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Sat., Dec. 27
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Food for thought: parents, students unsatisfied with school lunch

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Smaller portions and higher prices have some high school students complaining about the new school lunch menu — and brown-bagging it in protest.

A Facebook group organized by South Jefferson Central High School students had 162 participants as of Friday morning. And South Jefferson is not the only district fielding complaints from parents and students. New federal regulations for school cafeterias restrict calories and proteins, substituting whole wheat and fresh produce. But some parents are concerned about whether their children, especially student athletes, are getting enough food to get them through classes and sports practice.

Cynthia A. Overton, South Jefferson’s food service manager, said the portions for the menus is out of local hands, set by federal officials.

“Yes, it’s a big change, but it’s a change in the positive for all of us,” Ms. Overton said.

The standards come from the Healthy, Hunger-Free Kids Act of 2010. Schools that can show they are serving lunches meeting federal standards can receive an additional 6 cents in federal funds per meal served.

Lunch price increases were also mandated. Lunch at South Jefferson for students in grades 6 to 12 now costs $2.15, a 10-cent increase from the previous year. The price increase was the minimum allowed by the USDA, based on usage numbers from the previous year. The maximum price increase the district could have implemented is 47 cents.

Parents including Sarah J. Gordon and Jamie L. McGuire, who both have children in Sackets Harbor Central, say they understand that the changes are out of the school’s hands. They were working on making a statewide petition Friday afternoon for teachers, students and parents to sign to take to state officials.

“The portions they are giving to kids are so small,” said Ms. Gordon. “Many people are buying a double lunch.”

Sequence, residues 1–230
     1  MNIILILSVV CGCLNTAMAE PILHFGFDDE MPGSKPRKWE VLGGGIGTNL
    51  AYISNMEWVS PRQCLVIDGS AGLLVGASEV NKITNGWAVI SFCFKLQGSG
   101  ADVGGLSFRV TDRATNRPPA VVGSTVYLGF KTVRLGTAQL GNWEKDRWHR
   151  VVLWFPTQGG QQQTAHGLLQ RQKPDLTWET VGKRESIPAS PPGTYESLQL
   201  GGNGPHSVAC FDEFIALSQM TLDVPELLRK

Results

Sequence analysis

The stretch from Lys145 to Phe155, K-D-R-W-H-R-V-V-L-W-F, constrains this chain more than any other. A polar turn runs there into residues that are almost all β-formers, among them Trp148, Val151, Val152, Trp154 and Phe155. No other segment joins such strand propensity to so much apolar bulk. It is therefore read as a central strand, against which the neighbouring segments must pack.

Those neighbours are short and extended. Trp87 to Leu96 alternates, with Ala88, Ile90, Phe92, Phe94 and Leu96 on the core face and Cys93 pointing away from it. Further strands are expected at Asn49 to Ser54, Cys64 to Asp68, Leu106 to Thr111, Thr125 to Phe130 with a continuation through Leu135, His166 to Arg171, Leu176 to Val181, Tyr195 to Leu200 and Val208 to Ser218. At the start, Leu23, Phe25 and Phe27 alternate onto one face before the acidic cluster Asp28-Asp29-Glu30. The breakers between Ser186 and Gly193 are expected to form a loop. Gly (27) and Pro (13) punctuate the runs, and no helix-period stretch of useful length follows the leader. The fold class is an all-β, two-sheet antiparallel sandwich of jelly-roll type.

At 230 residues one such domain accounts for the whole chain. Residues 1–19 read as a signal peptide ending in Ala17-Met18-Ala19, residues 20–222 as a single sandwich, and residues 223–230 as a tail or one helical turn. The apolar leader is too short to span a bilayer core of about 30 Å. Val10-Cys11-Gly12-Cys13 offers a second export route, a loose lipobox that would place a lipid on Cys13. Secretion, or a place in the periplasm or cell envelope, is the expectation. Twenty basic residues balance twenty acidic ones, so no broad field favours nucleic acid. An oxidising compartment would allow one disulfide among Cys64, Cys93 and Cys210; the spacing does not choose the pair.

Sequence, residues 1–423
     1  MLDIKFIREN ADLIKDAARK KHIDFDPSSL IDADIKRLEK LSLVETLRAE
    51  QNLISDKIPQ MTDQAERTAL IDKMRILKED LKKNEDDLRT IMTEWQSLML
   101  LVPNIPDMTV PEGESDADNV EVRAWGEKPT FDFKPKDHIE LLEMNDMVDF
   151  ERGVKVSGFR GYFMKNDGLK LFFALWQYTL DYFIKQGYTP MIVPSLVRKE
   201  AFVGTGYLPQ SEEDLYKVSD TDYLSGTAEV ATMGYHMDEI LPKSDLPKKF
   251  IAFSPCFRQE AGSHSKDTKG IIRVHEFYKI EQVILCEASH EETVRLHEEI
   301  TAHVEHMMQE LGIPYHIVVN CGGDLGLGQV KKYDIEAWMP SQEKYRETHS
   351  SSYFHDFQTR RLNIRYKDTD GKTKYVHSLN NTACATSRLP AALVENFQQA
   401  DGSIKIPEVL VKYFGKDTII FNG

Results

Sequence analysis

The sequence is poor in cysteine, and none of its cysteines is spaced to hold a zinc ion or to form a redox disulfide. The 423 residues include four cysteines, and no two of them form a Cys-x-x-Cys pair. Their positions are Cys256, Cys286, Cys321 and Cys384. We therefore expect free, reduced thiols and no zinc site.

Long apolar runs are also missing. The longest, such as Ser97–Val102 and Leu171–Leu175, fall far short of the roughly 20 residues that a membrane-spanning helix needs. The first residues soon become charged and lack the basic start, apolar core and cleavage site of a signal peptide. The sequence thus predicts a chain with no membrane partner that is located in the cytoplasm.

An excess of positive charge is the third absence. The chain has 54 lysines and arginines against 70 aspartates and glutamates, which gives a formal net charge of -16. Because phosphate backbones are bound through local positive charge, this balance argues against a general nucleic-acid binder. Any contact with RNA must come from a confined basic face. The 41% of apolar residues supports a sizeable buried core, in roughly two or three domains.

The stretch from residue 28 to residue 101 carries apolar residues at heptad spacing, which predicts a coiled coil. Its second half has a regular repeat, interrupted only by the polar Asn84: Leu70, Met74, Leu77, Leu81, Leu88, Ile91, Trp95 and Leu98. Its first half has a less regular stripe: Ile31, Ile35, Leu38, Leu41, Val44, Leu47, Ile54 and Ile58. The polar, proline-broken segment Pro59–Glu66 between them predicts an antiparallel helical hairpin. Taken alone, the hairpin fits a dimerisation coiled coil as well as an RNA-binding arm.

She said elementary students at Sackets Harbor are being served just one chicken nugget as a main course offering; middle and high school students are getting three.

“All of my kids and their friends are coming home exhausted and hungry,” she said.

On Thursday, South Jefferson students who were not protesting lunch were offered eight ounces of flavored yogurt, with a side of celery and carrot sticks, graham crackers and chilled peaches. In addition to those options, students could choose a wrap bar, a themed salad bar or a packaged peanut butter and jelly sandwich.

On Friday the menu was homemade pizza, lettuce, cauliflower and apple. Other main course options available through the month are chicken patties on a bun, meatball subs and mini french toast.

“The days of the huge ladle of gravy added to a big pile of mashed potatoes are gone,” Ms. Overton said.

Sackets Harbor Principal Jennifer L. Gaffney-Goodnough said she has only received one formal complaint, in an email from the mother of a seventh-grader. She had the cafeteria manager respond with a graph showing what the district can and cannot serve according to the nationwide guidelines.

“We’re doing what we need to be compliant,” she said. “When people point fingers, they need to know who to point fingers to.”

Mrs. McGuire is pointing her finger away from school lunches. She says she understands there is a serious childhood obesity epidemic, but changing lunch portions is not the answer to the problem for her.

“The kids need to be active,” she said. “Parents need to be held accountable.”

Packing a healthy lunch for her children is an option for her family, but she worries about those who are on the school’s free and reduced lunch program.

“I don’t think they’re going to advocate for themselves,” she said. “Lunch might be the only substantial meal for them. The school needs to be providing them with a well-balanced meal.”

Watertown City School District has been weaning its students to adapt to the guidelines for a few years, according to Food Services Director Craig P. Orvis. He said he serves five chicken nuggets to students throughout all grade levels. He keeps weekly protein and calorie maximums under control out by offering lighter meals throughout the week.

“At this point, it’s been quiet,” he said. “If there have been complaints, they haven’t voiced them out loud to me yet.

He said their average daily participation for school lunch is down by 72 students this year, but the enrollment is also down about 45 students. He said he does not feel hot lunches are down because students are not happy with what is on their tray.

Other districts, like Belleville Henderson Central and Lowville Academy and Central School, are correlating the decrease in purchased lunches to unsatisfied students.

At Lowville Central, those who are still buying lunch are supplementing it with home-packed snacks.

“Many of our students, particularly our athletes, are feeling hungry by the end of the day,” Superintendent Cheryl R. Steckly said.

Thursday’s boycott may not have been completely effective: 181 lunches were purchased Thursday. However, Superintendent Jamie A. Moesel said the protest was noticed through the district.

“We’re glad the students brought it to our attention, because we’re worried about it too,” Ms. Moesel said.

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